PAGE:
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What is Computer-Aided Summarisation and does it really work?
What is Computer-Aided Summarisation and does it really work?
What is Computer-Aided Summarisation and does it really work?
What is Computer-Aided Summarisation and does it really work?
What is Computer-Aided Summarisation and does it really work?
What is Computer-Aided Summarisation and does it really work?
What is Computer-Aided Summarisation and does it really work?
What is Computer-Aided Summarisation and does it really work?
What is Computer-Aided Summarisation and does it really work?
What is Computer-Aided Summarisation and does it really work?
What is Computer-Aided Summarisation and does it really work?
What is Computer-Aided Summarisation and does it really work?
What is Computer-Aided Summarisation and does it really work?
What is Computer-Aided Summarisation and does it really work?
What is Computer-Aided Summarisation and does it really work?
What is Computer-Aided Summarisation and does it really work?
What is Computer-Aided Summarisation and does it really work?
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What is Computer-Aided Summarisation and does it really work?

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Invited talk at Department of linguistics, Tuebingen University, Germany in May 2007

Invited talk at Department of linguistics, Tuebingen University, Germany in May 2007

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  • In the first two stages the summariser identifies the overall structure of the text and the main topics. In the third stage, copy/paste operations followed by post-editing are used to produce the summary. The two first stages can be replaced by automatic methods
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    • 1. What is computer-aided summarisation and does it really work? Constantin Orasan http://clg.wlv.ac.uk/projects/CAST/
    • 2. Structure <ul><li>Introduction </li></ul><ul><li>CAST </li></ul><ul><li>Evaluation </li></ul><ul><li>Conclusions </li></ul>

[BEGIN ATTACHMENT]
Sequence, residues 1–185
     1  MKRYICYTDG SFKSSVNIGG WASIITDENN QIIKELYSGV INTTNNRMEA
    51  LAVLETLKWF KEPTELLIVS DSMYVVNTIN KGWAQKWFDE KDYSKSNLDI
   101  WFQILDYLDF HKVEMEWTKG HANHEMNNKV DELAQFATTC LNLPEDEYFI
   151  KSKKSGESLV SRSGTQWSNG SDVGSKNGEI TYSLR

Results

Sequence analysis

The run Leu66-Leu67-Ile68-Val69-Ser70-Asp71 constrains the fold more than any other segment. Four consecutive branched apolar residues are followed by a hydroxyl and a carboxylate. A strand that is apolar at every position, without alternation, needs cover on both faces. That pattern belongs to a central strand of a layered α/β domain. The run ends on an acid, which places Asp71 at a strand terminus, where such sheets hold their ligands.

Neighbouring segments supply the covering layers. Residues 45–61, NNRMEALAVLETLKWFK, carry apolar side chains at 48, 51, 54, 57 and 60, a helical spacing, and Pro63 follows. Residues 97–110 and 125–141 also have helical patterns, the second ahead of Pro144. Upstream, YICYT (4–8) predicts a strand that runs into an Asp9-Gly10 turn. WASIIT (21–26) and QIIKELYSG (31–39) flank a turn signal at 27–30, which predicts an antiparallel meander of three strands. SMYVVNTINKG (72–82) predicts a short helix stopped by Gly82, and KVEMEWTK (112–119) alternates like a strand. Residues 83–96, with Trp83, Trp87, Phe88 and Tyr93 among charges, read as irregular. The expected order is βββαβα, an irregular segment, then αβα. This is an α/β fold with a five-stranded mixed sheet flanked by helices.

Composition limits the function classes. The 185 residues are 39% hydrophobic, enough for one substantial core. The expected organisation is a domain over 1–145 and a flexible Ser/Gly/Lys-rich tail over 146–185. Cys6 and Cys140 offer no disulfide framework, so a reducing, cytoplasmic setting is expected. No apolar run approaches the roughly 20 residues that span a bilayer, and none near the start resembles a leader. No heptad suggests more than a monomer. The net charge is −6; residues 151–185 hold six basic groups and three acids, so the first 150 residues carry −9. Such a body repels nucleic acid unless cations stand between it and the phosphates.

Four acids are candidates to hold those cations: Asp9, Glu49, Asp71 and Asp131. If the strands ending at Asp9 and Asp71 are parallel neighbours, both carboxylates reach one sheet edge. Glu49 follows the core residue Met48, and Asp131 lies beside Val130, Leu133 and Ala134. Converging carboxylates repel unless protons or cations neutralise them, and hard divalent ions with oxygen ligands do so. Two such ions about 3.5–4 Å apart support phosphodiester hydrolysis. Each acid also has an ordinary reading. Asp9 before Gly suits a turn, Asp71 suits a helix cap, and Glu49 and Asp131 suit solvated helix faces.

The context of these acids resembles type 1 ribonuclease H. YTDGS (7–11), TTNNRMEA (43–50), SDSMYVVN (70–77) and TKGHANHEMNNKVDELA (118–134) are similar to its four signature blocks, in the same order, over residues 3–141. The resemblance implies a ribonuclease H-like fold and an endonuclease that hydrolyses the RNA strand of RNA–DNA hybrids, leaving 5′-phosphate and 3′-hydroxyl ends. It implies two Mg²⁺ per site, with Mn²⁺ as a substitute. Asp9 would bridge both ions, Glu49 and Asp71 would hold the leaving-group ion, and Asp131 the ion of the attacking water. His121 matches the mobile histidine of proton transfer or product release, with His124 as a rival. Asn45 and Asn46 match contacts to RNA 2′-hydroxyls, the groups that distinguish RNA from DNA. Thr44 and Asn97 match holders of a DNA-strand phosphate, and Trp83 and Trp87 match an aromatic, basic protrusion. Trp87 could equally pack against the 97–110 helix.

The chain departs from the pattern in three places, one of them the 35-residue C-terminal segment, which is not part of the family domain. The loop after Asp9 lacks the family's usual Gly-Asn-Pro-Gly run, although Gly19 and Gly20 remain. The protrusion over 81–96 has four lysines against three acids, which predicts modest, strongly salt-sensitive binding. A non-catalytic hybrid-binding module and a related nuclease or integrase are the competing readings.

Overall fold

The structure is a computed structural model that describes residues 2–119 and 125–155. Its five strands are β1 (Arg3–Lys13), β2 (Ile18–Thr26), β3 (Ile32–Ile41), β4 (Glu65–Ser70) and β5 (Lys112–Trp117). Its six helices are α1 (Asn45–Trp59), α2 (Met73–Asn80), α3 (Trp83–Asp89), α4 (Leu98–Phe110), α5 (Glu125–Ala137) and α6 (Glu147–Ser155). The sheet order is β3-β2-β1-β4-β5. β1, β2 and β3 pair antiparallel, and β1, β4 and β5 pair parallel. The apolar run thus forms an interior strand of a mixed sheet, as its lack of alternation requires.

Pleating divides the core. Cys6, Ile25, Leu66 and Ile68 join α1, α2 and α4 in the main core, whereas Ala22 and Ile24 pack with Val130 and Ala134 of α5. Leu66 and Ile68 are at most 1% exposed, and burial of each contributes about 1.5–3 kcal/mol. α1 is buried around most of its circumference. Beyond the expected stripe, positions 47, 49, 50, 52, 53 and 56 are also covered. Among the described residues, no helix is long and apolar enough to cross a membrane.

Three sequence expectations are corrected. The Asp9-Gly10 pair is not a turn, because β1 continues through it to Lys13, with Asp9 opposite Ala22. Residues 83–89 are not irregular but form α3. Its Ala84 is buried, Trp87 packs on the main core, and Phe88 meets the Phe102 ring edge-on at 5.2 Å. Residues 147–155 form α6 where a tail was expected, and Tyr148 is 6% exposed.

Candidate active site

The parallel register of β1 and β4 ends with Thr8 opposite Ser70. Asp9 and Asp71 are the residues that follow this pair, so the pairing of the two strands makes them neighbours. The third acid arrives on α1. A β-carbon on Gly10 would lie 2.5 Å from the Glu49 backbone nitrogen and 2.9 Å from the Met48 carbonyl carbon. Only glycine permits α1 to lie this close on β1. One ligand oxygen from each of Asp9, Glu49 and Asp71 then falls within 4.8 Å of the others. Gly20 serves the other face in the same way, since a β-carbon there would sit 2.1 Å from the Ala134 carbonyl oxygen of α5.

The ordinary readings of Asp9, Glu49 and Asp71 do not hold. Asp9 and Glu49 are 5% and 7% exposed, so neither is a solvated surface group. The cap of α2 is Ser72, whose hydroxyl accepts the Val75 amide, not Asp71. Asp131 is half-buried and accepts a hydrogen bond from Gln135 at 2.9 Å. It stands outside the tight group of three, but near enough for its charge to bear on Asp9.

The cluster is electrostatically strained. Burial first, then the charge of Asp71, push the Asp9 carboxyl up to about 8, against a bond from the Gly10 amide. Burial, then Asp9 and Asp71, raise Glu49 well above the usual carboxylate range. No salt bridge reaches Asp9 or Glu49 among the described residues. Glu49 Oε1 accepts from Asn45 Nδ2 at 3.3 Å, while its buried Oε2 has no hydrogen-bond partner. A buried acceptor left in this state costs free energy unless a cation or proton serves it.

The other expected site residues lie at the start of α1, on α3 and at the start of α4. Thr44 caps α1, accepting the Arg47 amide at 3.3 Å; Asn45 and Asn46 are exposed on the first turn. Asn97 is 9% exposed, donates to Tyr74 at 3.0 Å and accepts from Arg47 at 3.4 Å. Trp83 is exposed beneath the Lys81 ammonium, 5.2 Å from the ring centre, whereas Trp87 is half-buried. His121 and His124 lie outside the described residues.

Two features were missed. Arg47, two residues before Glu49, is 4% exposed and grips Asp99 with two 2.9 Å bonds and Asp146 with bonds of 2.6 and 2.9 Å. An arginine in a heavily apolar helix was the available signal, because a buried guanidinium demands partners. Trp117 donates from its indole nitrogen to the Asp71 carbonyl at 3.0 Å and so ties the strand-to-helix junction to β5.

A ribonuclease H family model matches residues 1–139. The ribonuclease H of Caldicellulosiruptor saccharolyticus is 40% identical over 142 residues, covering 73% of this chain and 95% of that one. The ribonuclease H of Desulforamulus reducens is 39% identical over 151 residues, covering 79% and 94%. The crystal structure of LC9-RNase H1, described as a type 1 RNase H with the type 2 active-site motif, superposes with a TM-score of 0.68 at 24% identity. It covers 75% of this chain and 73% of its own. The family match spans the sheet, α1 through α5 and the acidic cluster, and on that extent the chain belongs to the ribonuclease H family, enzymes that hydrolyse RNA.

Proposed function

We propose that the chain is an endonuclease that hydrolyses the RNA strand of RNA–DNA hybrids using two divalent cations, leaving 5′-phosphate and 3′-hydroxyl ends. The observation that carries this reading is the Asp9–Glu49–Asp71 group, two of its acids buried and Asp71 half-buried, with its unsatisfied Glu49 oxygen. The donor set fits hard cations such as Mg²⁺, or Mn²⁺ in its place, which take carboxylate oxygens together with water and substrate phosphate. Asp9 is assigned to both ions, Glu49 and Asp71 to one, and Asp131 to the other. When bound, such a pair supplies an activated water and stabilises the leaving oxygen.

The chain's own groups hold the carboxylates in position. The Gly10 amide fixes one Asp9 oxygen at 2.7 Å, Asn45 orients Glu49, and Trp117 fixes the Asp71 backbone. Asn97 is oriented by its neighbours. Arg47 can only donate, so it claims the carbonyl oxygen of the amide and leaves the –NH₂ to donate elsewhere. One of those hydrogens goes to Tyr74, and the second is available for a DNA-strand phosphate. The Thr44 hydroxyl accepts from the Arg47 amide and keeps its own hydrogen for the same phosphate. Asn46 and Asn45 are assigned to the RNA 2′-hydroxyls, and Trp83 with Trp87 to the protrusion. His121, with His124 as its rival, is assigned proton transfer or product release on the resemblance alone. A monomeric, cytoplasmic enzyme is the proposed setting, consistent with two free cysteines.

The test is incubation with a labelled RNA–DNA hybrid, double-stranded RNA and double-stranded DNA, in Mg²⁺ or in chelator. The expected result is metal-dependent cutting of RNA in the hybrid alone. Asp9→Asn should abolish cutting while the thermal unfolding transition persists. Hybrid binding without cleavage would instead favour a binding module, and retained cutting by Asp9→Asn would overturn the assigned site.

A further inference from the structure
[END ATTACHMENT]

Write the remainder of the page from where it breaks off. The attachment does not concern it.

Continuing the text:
• 3. Computer-aided summarisation <ul><li>Combines automatic methods with human input </li></ul><ul><li>Relies on automatic methods to identify the important information </li></ul><ul><li>Humans can decide to include this information and/or additional one </li></ul><ul><li>Humans post-edit the information to produce a coherent summary </li></ul>
    • 4. <ul><li>Automatic summarisation (AS) </li></ul><ul><li>Produces summaries automatically with the help of computers </li></ul><ul><li>Does not require human input </li></ul><ul><li>The quality is low (especially when compared to human summaries) </li></ul><ul><li>Computer-aided summarisation (CAS) </li></ul><ul><li>Uses automatic methods to produce summaries, but </li></ul><ul><li>Allows the humans to postedit the result </li></ul><ul><li>High quality, but less effort </li></ul>
    • 5. Why CAS can work? <ul><li>Endres-Niggemeyer (1998) identifies three stages in human summarisation: document exploration , relevance assessment and summary production </li></ul><ul><li>We hypothesise the first two stages can be replaced by automatic methods </li></ul><ul><li>Craven (1996) and Narita (2000) tried to help humans summarisers using automatic means </li></ul>